Well, I thought that I would just throw this on the floor and see if the cat licks it up. Any thoughts would be appreciated.

Thanks for your attention.


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194 posts
7,915 battles

I think you are waaayy over thinking this GAME.  The whole issue of battle formations 'crossing the T' has been beat to death.  It was a tactic used for ships sailing in FORMATION, and in direct communication with one another.  That obviously can not be accomplished in this GAME.


Even in modern combat, using modern communication equipment, and squads that train together, things can go haywire in a hurry.  How much more so in a GAME with 12 random players, none in direct communication with each other?


The players in this game range from teens through senior citizens, with just as diversified understanding of game mechanics.  Getting too deep in the weeds of gameplay is just a recipe for frustration.  The good players still find a way to win the vast majority of their games.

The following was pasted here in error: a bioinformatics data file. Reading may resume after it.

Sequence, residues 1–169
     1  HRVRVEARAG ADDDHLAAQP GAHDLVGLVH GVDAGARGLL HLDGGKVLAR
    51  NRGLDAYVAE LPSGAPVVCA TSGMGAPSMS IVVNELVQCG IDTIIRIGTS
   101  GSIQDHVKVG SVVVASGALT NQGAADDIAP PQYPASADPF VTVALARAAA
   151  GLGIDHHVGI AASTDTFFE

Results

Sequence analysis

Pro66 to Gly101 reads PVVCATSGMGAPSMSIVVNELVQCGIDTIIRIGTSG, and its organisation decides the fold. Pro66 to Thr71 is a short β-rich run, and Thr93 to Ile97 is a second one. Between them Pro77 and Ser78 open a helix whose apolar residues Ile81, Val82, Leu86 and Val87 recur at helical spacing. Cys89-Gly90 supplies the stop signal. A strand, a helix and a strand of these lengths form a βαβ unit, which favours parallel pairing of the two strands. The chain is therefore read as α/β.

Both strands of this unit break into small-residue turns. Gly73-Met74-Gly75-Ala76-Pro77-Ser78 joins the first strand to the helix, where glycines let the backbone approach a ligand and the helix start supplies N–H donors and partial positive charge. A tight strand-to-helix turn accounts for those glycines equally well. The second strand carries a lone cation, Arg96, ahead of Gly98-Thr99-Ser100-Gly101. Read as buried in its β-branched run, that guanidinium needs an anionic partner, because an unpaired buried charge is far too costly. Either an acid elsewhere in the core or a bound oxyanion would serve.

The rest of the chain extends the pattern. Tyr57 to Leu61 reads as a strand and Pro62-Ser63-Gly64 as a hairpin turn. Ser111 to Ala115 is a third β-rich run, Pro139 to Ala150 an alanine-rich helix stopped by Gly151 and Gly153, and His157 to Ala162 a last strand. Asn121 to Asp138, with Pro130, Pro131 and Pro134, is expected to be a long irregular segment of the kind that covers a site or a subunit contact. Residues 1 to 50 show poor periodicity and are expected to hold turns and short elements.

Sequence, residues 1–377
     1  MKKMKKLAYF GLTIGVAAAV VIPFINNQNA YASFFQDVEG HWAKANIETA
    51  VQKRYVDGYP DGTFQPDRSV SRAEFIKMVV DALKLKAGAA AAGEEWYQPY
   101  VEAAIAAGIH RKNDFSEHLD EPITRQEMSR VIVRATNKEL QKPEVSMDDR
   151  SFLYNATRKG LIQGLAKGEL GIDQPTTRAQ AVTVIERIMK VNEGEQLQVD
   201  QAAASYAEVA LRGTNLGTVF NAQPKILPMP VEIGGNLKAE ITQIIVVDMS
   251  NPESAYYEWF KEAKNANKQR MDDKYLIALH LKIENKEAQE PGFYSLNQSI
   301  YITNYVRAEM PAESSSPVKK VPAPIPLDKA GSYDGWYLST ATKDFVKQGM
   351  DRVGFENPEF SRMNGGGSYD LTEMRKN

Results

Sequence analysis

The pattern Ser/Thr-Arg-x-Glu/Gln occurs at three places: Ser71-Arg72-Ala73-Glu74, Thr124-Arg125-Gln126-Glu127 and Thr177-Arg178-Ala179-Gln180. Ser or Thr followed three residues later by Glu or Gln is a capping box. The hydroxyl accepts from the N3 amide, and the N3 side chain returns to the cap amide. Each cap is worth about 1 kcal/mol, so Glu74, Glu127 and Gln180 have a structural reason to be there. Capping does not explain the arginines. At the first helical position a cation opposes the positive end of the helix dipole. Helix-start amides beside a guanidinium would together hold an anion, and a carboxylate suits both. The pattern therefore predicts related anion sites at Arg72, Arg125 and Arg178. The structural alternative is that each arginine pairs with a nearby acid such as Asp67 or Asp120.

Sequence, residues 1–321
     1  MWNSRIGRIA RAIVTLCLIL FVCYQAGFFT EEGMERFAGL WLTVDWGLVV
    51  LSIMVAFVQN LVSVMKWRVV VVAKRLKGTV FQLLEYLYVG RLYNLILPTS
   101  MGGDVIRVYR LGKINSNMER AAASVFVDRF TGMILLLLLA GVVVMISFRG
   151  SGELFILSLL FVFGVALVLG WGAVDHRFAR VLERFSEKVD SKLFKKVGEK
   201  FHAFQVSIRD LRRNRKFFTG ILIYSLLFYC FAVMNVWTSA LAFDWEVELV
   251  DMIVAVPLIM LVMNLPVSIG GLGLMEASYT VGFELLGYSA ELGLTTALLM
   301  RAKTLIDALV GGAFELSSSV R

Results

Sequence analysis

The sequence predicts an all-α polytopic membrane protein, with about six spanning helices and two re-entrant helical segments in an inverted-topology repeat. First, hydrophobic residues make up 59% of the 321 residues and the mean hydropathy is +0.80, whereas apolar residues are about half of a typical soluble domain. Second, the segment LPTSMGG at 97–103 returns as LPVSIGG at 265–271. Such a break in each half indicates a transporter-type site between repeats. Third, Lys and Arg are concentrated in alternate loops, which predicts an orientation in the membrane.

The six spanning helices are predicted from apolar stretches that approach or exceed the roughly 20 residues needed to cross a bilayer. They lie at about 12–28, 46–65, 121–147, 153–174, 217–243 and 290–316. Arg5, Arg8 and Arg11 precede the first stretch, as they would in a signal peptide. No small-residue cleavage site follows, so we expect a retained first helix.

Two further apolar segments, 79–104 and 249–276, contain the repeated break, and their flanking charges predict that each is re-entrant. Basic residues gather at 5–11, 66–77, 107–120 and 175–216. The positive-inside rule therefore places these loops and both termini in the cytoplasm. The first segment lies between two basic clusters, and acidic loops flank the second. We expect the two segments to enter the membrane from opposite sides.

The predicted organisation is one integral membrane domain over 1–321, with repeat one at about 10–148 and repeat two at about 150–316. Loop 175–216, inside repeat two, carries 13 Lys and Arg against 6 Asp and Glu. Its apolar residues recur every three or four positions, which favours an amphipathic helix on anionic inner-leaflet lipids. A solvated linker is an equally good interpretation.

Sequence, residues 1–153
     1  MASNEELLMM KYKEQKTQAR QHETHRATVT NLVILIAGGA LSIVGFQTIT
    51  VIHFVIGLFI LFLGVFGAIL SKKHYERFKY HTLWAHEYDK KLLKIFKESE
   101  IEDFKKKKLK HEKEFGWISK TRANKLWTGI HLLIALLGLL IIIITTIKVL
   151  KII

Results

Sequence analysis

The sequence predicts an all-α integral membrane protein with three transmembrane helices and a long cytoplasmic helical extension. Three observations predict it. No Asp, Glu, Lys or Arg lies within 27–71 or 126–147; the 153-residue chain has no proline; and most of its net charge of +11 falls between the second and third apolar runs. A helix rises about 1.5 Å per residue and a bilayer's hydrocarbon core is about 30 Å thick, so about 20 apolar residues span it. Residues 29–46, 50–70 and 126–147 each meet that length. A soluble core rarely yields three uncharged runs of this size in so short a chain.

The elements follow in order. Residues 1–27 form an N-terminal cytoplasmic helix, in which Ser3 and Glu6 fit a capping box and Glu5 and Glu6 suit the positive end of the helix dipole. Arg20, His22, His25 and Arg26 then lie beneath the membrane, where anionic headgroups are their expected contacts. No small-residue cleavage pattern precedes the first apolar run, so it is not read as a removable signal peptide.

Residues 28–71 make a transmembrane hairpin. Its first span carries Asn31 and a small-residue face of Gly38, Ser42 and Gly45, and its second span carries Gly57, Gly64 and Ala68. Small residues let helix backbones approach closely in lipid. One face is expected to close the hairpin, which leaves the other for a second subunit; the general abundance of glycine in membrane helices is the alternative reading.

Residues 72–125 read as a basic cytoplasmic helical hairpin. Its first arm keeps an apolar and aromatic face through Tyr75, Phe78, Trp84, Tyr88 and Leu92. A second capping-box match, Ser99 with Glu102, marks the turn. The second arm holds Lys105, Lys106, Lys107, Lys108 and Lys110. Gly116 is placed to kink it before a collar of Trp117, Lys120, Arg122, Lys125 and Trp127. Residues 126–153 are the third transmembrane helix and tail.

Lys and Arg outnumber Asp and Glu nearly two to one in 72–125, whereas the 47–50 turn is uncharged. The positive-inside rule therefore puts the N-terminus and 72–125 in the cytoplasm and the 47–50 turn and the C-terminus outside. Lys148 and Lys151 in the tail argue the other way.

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Beta Testers
18 posts
5,941 battles

Trying to win is very hard on weekends and week nights.  That is the rule for me.  Also, I look at the mini-map to see what the enemy maybe doing.  By doing this, I see where they are going and warn my team.  Often, I stay undetected and wait for them to take a edge cap.  Once they have it they head to the other side.  I can then move in behind them and cap it.  If there were 3 or 4 ships with me, the odds of winning are better.  When team mates see what I am doing some will head my way.  By spreading out we have a better chance of winning.  Not getting decisively engaged is the art of staying alive.  Dying is not a winning move either.

I hear what you are saying and get it too.  This game is frustrating if we let it get to us.  I do not worry about WR as it is the same as who's is bigger.  What matters is if you supported the team.  Continuing to run headlong into multiple ships is helping them win.  Keep trying and keep play to blow steam off.

See you out there!